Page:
Yayoi Kusama Covered Everything in Dots and Wasn’t Sorry
by Fausto Gilberti, (London: Phaidon Press, 2020)
The perfect book for introducing young children to Yayoi Kusama. The short sentences and minimalist illustrations tell a clear story: What matters to the artist is sticking to her own unwavering path and overcoming all obstacles. That is Ephra’s message, too: Believe in your dreams, dare to make them come true and do not apologise for who you are.
Available in English and Italian.
Infinity Net: The Autobiography of Yayoi Kusama
(London: Tate Publishing, 2011)
Why did Yayoi Kusama become an artist? For what reason has she remained true to art all her life? What healing power does she find in art? All these questions are answered in her autobiography, which was first published in 2002 in Japanese. Readers will be unable to resist the anachronistic, poetic narrative, the lively anecdotes, the see-saw between light and heavy moods, combined with abundant visual material. For us at Ephra, this work provided a key to the artist’s personality. For anyone curious about Yayoi Kusama as a person, this book is a must.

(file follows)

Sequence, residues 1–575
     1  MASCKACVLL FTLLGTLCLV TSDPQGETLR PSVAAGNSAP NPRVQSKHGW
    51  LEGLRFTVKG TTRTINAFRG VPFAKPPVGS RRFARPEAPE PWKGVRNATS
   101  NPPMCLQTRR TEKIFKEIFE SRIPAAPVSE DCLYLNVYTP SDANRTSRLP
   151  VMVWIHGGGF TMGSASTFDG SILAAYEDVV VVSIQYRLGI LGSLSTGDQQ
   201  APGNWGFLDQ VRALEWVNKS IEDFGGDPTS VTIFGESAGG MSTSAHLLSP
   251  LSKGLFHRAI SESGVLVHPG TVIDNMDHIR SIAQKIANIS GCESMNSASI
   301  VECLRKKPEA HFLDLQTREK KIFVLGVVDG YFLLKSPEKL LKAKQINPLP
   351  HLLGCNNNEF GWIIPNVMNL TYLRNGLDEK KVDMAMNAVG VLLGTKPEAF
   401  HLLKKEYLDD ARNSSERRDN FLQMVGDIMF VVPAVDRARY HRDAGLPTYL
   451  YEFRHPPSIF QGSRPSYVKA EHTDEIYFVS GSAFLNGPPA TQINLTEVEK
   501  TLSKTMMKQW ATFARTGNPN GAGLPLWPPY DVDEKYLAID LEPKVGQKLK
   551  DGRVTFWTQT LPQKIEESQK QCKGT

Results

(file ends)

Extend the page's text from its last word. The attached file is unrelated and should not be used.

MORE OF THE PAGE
Available in German, English and Japanese.
We are Artists: Women Who Made Their Mark on the World
by Kari Herbert, (London: Thames & Hudson, 2019)
Alongside Yayoi Kusama, this book presents another 14 magnificent artists, and they could hardly be more different. Supported by beautiful illustrations, author Kari Herbert displays an artistic diversity that women have been generating for many decades. Nothing and nobody could stop them pursuing their art, although almost all of them were confronted by prejudice. This volume gives women artists the attention and recognition they deserve.
Available in English and German.